Some programs are likely to choose a form active patient monitoring for drug toxicity (but not in the form of a prospective observational study, but as part of routine program clinical monitoring for drug toxicity) and reporting serious adverse events (SAEs). For me this should be the bare minimum, but full CEM should not be required of any program. CEM should be encouraged when resources are available.

To date the pharmaceutical companies are not requiring full CEM to be in place however there is general agreement that SAEs will be reported. More information on How To Access The Bedaquiline Donation Program: Step By Step and information on suggested pharmacovigilance for the Bdq can be found at the website http://www.stoptb.org/news/announcements/2015/a15_013.asp

For Dlm, pharmaceutical company has not published information on pharmacovigilance requirements.

I hope this is helpful on pharmacovigilance requirements and strategies.
Michael

Fraser Wares Replied at 4:44 AM, 10 Jul 2015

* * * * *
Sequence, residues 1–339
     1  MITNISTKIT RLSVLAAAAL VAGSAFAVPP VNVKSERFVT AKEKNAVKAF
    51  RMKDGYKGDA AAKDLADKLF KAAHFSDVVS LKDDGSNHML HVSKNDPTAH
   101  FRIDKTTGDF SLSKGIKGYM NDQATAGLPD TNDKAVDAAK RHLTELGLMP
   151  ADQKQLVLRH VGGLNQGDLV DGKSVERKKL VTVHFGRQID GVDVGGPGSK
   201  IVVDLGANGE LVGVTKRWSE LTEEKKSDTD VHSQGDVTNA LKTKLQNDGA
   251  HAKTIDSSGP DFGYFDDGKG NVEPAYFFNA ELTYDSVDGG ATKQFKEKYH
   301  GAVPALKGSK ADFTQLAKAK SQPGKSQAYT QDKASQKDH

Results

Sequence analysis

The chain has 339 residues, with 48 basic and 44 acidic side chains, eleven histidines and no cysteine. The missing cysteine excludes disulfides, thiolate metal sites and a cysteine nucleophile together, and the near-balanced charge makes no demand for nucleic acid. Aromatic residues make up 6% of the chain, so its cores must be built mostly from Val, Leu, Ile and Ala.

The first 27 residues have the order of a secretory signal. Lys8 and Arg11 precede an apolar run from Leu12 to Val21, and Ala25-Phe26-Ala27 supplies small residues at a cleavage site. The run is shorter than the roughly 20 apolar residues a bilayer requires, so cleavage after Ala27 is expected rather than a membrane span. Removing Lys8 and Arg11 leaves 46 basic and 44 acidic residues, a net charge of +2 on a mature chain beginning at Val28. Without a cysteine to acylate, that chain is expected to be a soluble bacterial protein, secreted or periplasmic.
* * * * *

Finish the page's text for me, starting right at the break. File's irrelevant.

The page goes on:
The need of monitoring of QTc is obviously not limited to patients on bedaquiline, but also to patients at potentially higher risk of cardiotoxicity. That is the case of some countries implementing shorter regimens for the treatment of MDR-TB, which include two QTc prolonging drugs (moxifloxacin and clofazimine). Findings from WHO visits to some of these countries confirm the feasibility of implementing ECG monitoring in the field, albeit in the context of operational research projects. Data from some of these observational studies will be reviewed by WHO later this year, as part of the process of updating the WHO TB treatment guidelines, and will provide some evidence on the safety of regimens based on these drugs.

Michael Rich, MD MPH Replied at 7:31 AM, 10 Jul 2015

I wish to respond to Tom Yate's “I understand the excess deaths in the BDQ phase 2 study were attributed to progression of TB disease. I would be interested in how confident people think we can be regards attribution of cause of death here?”

More data on the deaths in the phase 2 trial (trial C208) is presented in the “Anti-Infective Drugs Advisory Committee Meeting Briefing Document TMC207 (bedaquiline) Treatment of Patients with MDR-TB NDA 204-384 28 November 2012, which is available on the internet at http://www.fda.gov/downloads/AdvisoryCommittees/CommitteesMeetingMaterials/Dr...